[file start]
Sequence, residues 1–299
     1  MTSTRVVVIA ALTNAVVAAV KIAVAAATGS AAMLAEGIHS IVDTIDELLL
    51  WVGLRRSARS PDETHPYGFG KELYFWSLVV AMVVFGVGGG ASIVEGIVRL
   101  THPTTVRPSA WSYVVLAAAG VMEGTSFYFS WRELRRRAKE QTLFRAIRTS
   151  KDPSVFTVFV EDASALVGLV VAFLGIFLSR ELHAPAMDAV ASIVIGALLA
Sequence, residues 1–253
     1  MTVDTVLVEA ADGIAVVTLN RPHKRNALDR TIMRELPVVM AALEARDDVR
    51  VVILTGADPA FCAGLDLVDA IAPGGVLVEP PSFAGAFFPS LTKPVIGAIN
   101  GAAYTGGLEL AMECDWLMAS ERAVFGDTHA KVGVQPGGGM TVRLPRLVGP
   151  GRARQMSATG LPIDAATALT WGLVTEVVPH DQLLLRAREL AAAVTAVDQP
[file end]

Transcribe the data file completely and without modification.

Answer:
Sequence, residues 1–299
     1  MTSTRVVVIA ALTNAVVAAV KIAVAAATGS AAMLAEGIHS IVDTIDELLL
    51  WVGLRRSARS PDETHPYGFG KELYFWSLVV AMVVFGVGGG ASIVEGIVRL
   101  THPTTVRPSA WSYVVLAAAG VMEGTSFYFS WRELRRRAKE QTLFRAIRTS
   151  KDPSVFTVFV EDASALVGLV VAFLGIFLSR ELHAPAMDAV ASIVIGALLA
Sequence, residues 1–253
     1  MTVDTVLVEA ADGIAVVTLN RPHKRNALDR TIMRELPVVM AALEARDDVR
    51  VVILTGADPA FCAGLDLVDA IAPGGVLVEP PSFAGAFFPS LTKPVIGAIN
   101  GAAYTGGLEL AMECDWLMAS ERAVFGDTHA KVGVQPGGGM TVRLPRLVGP
   151  GRARQMSATG LPIDAATALT WGLVTEVVPH DQLLLRAREL AAAVTAVDQP